Make gay sex education mandatory in all schools

LGBTI coalition urges education that addresses the needs of LGBTI pupils

London - 17 September 2014



Call for LGBTI-inclusive sex & relationship education to be statutory in all schools

Sex and Relationship Education (SRE) should be made compulsory in all schools – and be required by law to address the needs of LGBTI young people. Currently, it isn’t mandatory and rarely includes LGBTI issues.

The call comes from a coalition of LGBTI (Lesbian, Gay, Bisexual, Trans and Intersex) organisations and campaigners.

They have written an open letter to UK political leaders, stressing that inaction by most schools is failing the health and emotional needs of the younger generation and contributing to poor levels of sexual and mental well-being and to unwanted teenage pregnancies, abortions and HIV.

The coalition includes Conservative Peer Lord Fowler, Dr Christian Jessen, Peter Tatchell, the gay media, and LGBTI and sexual health charities, such as Terrence Higgins Trust, Stonewall, Lesbian & Gay Foundation and National AIDS Trust. See the full list below.

One in three gay men diagnosed with HIV in 2012 were in their teens or early twenties, yet 85% of gay and bisexual men receive no information about same-sex relationships in school.

The open letter was written in support of the Sex Education Forum’s current campaign - ‘It’s My Right’ - which is lobbying for government agreement to guarantee every pupil, in every school, high quality sex and relationship education, as part of personal, social, health and economic (PSHE) lessons.

Cliff Joannou, editor of QX magazine, who devised the campaign, said:

“It’s shocking that in the 21st century schools are still not required to give children and teenagers the education they need to make informed decisions about their sexual health and relationships. In addition, omitting LGBTI relationships from any SRE means that too many children and teenagers grow up feeling further alienated by society and seek out alternative answers to basic questions. The education system has a responsibility to prepare children and teenagers for life in the real world. It is currently failing in that duty.”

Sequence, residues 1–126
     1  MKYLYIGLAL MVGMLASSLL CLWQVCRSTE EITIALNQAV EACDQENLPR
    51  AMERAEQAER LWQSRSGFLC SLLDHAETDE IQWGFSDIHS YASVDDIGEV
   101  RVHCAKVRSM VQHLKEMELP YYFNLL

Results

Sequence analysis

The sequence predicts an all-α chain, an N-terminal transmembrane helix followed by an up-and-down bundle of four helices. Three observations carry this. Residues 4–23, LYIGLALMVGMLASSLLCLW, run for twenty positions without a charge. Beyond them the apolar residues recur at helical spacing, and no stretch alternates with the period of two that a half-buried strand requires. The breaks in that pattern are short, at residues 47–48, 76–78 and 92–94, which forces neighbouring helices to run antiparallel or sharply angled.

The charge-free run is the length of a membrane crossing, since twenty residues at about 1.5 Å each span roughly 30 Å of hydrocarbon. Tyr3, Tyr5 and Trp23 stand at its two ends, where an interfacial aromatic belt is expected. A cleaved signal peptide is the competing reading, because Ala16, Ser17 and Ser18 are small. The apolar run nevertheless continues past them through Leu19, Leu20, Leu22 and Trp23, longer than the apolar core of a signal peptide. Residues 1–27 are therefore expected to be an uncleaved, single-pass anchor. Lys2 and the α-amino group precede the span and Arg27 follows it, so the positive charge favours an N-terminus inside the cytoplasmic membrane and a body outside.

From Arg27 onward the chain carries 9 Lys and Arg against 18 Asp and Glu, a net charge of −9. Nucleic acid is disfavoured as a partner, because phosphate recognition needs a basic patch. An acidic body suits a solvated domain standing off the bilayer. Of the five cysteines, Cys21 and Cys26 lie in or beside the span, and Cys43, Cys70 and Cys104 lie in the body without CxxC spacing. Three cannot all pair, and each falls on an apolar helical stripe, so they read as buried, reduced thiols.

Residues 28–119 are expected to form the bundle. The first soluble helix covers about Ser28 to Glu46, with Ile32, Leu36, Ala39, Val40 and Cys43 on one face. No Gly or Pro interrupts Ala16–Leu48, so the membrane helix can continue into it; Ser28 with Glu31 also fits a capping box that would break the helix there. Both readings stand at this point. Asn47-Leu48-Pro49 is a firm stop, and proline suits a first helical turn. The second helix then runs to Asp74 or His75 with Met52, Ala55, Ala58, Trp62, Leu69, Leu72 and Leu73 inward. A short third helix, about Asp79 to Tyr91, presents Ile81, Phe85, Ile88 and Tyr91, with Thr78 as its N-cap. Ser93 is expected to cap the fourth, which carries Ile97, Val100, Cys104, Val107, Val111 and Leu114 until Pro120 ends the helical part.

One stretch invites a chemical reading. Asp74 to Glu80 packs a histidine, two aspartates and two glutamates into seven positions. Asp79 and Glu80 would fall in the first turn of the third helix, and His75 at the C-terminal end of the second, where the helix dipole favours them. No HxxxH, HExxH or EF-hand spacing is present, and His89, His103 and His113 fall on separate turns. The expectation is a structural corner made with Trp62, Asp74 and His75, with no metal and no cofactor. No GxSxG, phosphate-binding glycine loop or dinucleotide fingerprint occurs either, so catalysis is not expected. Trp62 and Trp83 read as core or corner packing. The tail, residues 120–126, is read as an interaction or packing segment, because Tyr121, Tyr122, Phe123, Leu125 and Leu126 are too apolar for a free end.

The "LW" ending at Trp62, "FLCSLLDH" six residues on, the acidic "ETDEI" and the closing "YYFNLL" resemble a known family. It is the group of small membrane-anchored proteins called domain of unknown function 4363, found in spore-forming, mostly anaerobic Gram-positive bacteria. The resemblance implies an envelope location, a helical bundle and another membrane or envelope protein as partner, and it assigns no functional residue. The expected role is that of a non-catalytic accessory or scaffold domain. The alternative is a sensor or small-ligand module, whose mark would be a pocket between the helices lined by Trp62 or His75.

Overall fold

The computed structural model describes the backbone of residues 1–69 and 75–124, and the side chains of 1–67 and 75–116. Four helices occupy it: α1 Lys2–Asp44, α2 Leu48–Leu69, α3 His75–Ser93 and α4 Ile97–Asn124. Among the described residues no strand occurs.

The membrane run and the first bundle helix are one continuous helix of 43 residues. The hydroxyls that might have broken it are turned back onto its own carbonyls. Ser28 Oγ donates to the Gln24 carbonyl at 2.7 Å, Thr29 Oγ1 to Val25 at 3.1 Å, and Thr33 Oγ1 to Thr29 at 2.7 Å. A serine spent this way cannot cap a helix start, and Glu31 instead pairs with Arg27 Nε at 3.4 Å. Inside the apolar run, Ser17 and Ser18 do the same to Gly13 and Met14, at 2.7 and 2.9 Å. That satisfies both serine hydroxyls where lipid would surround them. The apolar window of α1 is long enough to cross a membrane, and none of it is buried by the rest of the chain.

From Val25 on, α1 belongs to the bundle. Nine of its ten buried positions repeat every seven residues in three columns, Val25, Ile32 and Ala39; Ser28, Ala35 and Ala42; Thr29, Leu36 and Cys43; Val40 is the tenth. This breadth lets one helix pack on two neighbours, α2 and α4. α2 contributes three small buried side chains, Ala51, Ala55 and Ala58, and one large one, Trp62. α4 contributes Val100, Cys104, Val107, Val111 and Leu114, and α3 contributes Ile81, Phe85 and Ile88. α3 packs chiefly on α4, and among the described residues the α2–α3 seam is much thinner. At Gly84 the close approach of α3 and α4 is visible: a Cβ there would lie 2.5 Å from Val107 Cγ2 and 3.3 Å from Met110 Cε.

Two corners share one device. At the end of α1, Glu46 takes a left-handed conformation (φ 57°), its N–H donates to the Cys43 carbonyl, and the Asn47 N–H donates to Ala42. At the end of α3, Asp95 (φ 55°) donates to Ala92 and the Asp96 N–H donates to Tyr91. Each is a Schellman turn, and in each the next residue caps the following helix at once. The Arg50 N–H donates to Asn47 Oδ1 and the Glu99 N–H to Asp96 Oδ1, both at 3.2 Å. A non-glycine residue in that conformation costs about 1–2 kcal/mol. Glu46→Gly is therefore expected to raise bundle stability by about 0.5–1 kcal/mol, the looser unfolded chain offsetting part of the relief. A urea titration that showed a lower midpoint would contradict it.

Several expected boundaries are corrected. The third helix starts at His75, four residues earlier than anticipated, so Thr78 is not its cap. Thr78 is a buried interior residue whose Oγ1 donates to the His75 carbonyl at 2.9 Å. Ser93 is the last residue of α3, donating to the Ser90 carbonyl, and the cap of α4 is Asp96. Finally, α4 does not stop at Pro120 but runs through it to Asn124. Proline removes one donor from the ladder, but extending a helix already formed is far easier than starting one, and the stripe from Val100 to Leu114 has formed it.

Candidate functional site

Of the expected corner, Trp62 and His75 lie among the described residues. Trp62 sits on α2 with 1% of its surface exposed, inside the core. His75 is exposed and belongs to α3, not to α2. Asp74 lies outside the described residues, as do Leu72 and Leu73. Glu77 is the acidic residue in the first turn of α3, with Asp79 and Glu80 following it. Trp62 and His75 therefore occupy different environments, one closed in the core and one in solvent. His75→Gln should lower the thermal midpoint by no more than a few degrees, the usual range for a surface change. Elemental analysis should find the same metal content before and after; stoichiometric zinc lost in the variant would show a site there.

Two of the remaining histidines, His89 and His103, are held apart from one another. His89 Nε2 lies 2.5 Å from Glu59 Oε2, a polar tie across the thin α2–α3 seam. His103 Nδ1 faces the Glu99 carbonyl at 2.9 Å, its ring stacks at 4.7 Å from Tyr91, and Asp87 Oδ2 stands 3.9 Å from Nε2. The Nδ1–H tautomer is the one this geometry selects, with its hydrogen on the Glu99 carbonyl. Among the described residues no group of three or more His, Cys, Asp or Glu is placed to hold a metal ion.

Kat Smithson, policy and campaigns manager at NAT (National AIDS Trust), the HIV charity that drafted the letter, added:

”One in three 16-24 year olds tell us they don’t know enough to prevent HIV transmission during sex, and at the same time HIV diagnoses amongst young gay men have doubled over the past ten years. Unless we start teaching young people in school about sexual health and about same sex relationships then we will only see these numbers increasing.”

Peter Tatchell, Director of the Peter Tatchell Foundation, said:

“Sexual literacy is just as important as literacy in reading and writing. Education is, after all, supposed to prepare young people for later life. Sex and relationships are a very important part of adulthood. Why, then, are they neglected in so many schools?

“All pupils deserve lessons that empower them to make wise, responsible decisions to ensure their sexual health and happiness and to reduce the incidence of unwanted teenage pregnancies, abortions and HIV.

“This failing is even more acute for LGBTI pupils, whose needs and welfare are widely ignored - leaving many with low self-esteem and without same-sex specific HIV prevention advice. Not surprisingly, HIV rates among young gay and bisexual men are needlessly high and the bullying of pupils who don’t conform to gender stereotypes passes unchallenged in too many schools.”

THE LETTER IN FULL:

This month millions of young people are going back to school – but because of inadequate sex and relationships education (SRE) we as a society will fail to provide them with the essential knowledge and life skills they need to make informed and responsible decisions in regard to their sexual health. This is especially true for LGBTI young people.

To address this, pupils, health experts, and we the undersigned, are supporting the 'SRE, it's my right campaign', calling on all political parties to commit to make age-appropriate SRE a statutory requirement for all schools.